In some cases, there may be record company contracts where they want the artists to think strongly about it. The label business was the tail that wagged the dog. Now the live business is their main focus. In some cases, if they bundle the record, they make a quarter million in sales right off the back of it. It’s all striving for “We got you to #1”; it’s one of the tools.

If we were talking ticketing a few years ago, it was the sudden jump in prices and VIP experience to battle the scalpers. What’s the approach on the high end now?
Prices for the best seats in the house are continuing to rise on the primary market to remove the arbitrage. I always want to inform artists about what might have happened on a previous tour regarding the best seats and get those priced a little closer to what we believe is fair market value.

We saw a lot of arena and stadium shows for summer 2018 go on sale in the fourth quarter of 2017. How far out do you like to go with an onsale?
Our research and experience—this is going on three years now—says you can go on sale six to nine months out. We already have some tours for fall of ’18 on sale. People are willing to make the investment, almost regardless of how far it out it is, especially for weekend shows.

This time of year, a ticket to see the Eagles or Foo Fighters is a nice Christmas gift. What about the rest of the year?
For the 2018 touring year, we want the vast majority of everything on sale no later than Mother’s Day/late April. That has worked for us at venues with 10k-60k capacity.

How about festivals? Live Nation has been getting increasingly involved with them. Is that a different type of fan? And as one act after another goes on festival tours and plays six to 10 of then, how are you differentiating?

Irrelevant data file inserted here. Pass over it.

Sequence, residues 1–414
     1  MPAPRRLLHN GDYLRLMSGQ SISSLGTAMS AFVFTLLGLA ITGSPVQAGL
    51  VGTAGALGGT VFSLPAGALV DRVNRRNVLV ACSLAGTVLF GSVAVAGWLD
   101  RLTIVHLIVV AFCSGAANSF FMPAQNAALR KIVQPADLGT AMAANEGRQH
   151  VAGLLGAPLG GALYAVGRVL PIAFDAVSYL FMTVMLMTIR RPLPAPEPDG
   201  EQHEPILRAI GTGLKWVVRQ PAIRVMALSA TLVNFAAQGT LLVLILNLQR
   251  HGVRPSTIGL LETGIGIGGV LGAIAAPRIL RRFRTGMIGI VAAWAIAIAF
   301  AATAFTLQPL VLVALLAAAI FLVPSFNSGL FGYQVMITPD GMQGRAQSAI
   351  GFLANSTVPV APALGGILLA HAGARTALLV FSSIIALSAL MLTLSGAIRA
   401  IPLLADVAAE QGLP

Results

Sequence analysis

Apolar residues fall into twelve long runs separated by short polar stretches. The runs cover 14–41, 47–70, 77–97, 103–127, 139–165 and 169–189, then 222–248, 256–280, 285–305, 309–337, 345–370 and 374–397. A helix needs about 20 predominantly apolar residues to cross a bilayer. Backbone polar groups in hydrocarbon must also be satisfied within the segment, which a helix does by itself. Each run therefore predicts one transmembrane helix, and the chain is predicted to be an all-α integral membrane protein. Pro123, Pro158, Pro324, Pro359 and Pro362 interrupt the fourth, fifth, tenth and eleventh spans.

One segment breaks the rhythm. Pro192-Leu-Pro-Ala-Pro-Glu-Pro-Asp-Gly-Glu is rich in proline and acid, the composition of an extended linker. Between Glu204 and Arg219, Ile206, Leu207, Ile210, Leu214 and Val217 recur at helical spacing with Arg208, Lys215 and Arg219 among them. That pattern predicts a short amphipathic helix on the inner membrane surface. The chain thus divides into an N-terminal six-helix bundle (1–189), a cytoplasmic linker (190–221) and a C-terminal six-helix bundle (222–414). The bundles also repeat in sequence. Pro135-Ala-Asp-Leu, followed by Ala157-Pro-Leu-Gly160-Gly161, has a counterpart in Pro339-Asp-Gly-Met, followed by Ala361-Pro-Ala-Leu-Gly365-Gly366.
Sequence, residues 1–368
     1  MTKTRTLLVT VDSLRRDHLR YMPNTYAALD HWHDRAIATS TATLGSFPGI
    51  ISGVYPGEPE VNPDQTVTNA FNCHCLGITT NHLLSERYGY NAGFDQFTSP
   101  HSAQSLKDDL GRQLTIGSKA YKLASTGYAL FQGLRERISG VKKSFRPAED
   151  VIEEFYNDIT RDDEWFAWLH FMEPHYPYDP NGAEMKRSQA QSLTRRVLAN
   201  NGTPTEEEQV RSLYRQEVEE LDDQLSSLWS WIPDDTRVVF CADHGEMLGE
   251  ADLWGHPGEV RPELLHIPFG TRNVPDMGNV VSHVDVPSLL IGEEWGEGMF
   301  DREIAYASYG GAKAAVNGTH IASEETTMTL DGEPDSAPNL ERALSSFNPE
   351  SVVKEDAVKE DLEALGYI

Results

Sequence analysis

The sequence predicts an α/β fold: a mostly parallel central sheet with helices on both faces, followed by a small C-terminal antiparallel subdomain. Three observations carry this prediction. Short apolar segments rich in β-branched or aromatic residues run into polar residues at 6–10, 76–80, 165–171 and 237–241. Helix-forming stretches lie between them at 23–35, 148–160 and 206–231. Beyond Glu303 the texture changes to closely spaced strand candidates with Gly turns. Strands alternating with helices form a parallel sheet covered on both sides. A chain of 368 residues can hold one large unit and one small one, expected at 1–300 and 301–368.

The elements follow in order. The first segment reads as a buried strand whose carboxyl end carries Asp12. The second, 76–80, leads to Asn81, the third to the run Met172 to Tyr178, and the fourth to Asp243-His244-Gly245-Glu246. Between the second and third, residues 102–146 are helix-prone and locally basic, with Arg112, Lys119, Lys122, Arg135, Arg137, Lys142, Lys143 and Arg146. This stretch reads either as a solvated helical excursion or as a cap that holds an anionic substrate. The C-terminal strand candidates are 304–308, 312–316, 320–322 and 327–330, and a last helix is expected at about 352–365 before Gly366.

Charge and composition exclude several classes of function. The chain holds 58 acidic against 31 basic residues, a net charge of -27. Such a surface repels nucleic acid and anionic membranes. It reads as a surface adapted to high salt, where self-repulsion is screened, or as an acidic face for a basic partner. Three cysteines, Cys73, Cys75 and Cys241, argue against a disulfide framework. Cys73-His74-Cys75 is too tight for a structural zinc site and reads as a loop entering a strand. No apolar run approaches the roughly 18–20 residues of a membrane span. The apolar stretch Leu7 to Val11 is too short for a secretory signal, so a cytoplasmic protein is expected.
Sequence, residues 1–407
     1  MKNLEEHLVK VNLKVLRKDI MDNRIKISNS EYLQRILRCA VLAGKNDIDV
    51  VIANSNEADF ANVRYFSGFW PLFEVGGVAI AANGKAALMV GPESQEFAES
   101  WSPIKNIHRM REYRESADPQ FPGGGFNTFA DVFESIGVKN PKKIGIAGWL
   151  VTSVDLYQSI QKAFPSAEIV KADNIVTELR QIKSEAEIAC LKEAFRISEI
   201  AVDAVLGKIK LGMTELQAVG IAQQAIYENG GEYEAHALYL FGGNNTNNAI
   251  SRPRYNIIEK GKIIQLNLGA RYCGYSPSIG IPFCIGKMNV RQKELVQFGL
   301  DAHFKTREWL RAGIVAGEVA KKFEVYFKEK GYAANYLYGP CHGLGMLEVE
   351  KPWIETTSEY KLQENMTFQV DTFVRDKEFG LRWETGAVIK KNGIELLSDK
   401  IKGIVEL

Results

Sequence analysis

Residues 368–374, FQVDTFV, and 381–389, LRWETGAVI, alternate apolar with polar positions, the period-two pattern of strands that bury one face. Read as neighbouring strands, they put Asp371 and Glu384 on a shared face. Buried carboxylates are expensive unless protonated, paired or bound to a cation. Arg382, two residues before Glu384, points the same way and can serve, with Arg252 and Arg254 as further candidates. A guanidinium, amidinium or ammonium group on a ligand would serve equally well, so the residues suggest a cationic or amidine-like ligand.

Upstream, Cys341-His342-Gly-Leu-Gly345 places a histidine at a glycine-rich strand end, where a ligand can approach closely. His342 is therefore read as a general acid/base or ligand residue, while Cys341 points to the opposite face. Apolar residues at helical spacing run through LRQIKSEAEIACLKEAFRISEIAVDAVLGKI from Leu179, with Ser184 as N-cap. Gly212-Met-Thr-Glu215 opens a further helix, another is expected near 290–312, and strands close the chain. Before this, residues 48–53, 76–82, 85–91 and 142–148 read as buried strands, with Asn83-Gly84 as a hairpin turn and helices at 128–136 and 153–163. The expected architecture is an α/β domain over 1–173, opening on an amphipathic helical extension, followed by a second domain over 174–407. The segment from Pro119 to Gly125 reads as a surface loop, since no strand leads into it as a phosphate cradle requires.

We’re striving to make sure we create identifiable brands and identifiable patron experiences at festivals. Look at Bottle Rock, which we acquired. It’s curated around the Napa Valley experience. I would not call it a value proposition. There are many layers of VIP experience: You’re dining well, picking out top wines, seeing the show from a prime spot at the edge of the stage. It’s not to say the artists aren’t the main attraction, but we really want to crate an experience. For the country fests, the goal is get the fan base to say, “I really like the environment.”

In the coming year, what are you cautiously optimistic about?
I’m always looking at the economy, and I see a good tailwind for expendable income. We’re finishing on a high note, and I’m loving what I’m seeing on early ticket sales—P!nk is doing terrific, and Foo Fighters and Eagles are super-strong, so the conditions seem to be right. We want to keep working hard on the new artists you see coming out of the box really strong and with room to grow—Khalid, Charlie Puth, Portugal. The Man. There’s this whole crop of great bands, and we want to get them out here touring and growing their fan bases.

What are you wildly optimistic about?
I love the growth in the Latin business. We’ve been involved there for a long time, but we just made a big bet there. There’s a big Shakira tour on sale; it’ll be her highest-grossing tour. We just put Romeo Santos on sale, and we’re expecting tours from Luis Miguel, J. Balvin and Juanes—that’s a big push for me in 2018.